Then there's a sixth, which actively declares lack of knowledge of origins, rather than just not mentioning any. An example would be the Buddha, who declared that the ultimate origins and nature of the universe couldn't be known, and advised his followers not to worry about problems they could not solve. A strong agnostic point, if you like.

Anthropologists could probably add more categories and variations on all these themes.

You can present your idea that real gods are in some sense responsible for planting these ideas in people's minds, just as I can present the idea that Satan is manipulating your mind. But such ideas mean nothing to science unless they have positive evidence to support them.

Some Americans believing in witches doesn't support the existence of witches, and some Hindus believing that many described gods are aspects of a real god does not support the existence of that real god.

The progress we might be close to making is that you might be close to admitting that the human imagination is the only source of supernatural beings known to science.

It's no good complaining if I have to take another 20 or 40 or 60 posts to establish that point here. I knew it before we started, and it's hardly my fault if my debating partner hasn't caught on very quickly.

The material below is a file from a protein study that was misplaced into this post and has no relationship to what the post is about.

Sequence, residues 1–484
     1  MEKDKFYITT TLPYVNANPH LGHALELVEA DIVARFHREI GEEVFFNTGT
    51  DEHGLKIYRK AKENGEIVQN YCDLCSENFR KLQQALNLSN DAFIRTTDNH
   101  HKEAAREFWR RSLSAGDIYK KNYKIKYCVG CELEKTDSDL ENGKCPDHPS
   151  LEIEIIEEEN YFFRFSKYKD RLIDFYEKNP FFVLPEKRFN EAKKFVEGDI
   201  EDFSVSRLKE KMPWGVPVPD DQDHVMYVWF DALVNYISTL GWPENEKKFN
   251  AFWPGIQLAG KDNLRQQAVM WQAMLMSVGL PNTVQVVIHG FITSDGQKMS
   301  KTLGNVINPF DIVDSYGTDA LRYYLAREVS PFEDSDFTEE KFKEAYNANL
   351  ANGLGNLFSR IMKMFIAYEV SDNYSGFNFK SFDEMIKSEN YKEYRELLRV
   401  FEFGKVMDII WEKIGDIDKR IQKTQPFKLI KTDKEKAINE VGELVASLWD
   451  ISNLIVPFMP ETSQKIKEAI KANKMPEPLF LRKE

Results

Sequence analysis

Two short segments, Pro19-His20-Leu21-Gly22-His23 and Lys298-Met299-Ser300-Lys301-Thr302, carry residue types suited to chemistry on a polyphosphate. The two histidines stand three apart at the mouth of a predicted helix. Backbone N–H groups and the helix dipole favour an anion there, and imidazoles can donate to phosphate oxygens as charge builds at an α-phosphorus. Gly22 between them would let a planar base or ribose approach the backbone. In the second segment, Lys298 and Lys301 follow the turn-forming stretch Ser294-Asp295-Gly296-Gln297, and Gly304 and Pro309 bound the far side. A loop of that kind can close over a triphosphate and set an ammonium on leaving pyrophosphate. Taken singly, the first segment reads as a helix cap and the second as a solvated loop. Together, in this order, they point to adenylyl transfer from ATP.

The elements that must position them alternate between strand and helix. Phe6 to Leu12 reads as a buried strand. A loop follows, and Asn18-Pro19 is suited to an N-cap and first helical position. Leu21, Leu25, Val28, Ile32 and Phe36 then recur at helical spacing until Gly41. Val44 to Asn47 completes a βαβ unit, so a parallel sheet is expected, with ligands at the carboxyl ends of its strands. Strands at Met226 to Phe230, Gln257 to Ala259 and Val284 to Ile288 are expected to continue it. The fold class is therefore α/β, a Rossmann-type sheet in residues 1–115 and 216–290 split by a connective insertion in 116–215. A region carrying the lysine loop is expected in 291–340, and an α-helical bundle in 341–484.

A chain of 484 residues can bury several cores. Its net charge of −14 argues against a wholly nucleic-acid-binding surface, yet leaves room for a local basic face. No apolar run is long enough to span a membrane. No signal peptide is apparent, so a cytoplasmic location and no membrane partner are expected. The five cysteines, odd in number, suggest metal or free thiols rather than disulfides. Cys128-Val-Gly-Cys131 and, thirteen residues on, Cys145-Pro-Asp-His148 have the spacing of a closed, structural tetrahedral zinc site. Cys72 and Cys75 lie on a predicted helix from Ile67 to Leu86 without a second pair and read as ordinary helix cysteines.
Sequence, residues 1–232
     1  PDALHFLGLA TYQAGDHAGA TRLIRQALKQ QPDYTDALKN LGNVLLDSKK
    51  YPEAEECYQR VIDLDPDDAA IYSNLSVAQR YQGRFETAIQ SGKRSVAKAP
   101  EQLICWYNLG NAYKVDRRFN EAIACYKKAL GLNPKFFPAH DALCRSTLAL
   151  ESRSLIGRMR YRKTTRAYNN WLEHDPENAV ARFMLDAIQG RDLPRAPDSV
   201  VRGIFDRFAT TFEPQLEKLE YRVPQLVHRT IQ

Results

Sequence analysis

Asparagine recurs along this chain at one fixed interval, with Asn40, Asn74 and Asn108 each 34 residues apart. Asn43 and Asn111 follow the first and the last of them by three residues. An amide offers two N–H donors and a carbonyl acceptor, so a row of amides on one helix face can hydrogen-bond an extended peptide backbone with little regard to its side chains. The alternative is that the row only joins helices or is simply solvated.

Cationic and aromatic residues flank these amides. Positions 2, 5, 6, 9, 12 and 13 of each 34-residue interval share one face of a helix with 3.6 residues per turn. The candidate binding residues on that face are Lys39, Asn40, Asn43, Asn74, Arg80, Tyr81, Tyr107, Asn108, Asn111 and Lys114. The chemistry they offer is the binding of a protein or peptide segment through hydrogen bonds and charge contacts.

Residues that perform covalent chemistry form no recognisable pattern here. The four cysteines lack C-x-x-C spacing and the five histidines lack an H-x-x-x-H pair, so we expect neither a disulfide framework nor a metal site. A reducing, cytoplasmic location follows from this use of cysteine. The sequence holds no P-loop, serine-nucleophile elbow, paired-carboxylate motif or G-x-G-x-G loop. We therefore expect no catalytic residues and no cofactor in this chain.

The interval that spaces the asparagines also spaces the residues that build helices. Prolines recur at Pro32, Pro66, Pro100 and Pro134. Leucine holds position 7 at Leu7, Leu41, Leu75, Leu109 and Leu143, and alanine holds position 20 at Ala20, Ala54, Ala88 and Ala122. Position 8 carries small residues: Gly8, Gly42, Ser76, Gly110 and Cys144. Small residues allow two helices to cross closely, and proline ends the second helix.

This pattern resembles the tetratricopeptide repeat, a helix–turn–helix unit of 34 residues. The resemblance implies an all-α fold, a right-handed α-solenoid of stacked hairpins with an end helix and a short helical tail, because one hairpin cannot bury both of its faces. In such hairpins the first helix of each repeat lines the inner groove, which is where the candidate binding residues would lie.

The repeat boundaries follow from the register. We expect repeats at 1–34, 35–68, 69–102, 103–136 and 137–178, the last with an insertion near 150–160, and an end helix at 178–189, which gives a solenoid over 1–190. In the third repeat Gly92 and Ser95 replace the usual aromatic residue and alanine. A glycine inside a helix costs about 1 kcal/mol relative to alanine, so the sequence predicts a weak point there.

{Good luck with the neuralgia, and don't hesitate to take breaks from this discussion. You could take as long a break as you liked, and I would certainly not be sitting here claiming that that in any way means you cannot answer my points. A personal recommendation to all EvC members would be that, when seriously ill, keep away from contentious discussions of all kind, and stick to the lighter coffee house/humour type threads if participating on the board.}

Edited by bluegenes, : deleted a couple ofunnecessary words


This message is a reply to:
 Message 43 by RAZD, posted 10-03-2010 9:15 PM RAZD has responded

Replies to this message:
 Message 45 by RAZD, posted 10-11-2010 5:07 PM bluegenes has responded

  
RAZD
Member
Posts: 19754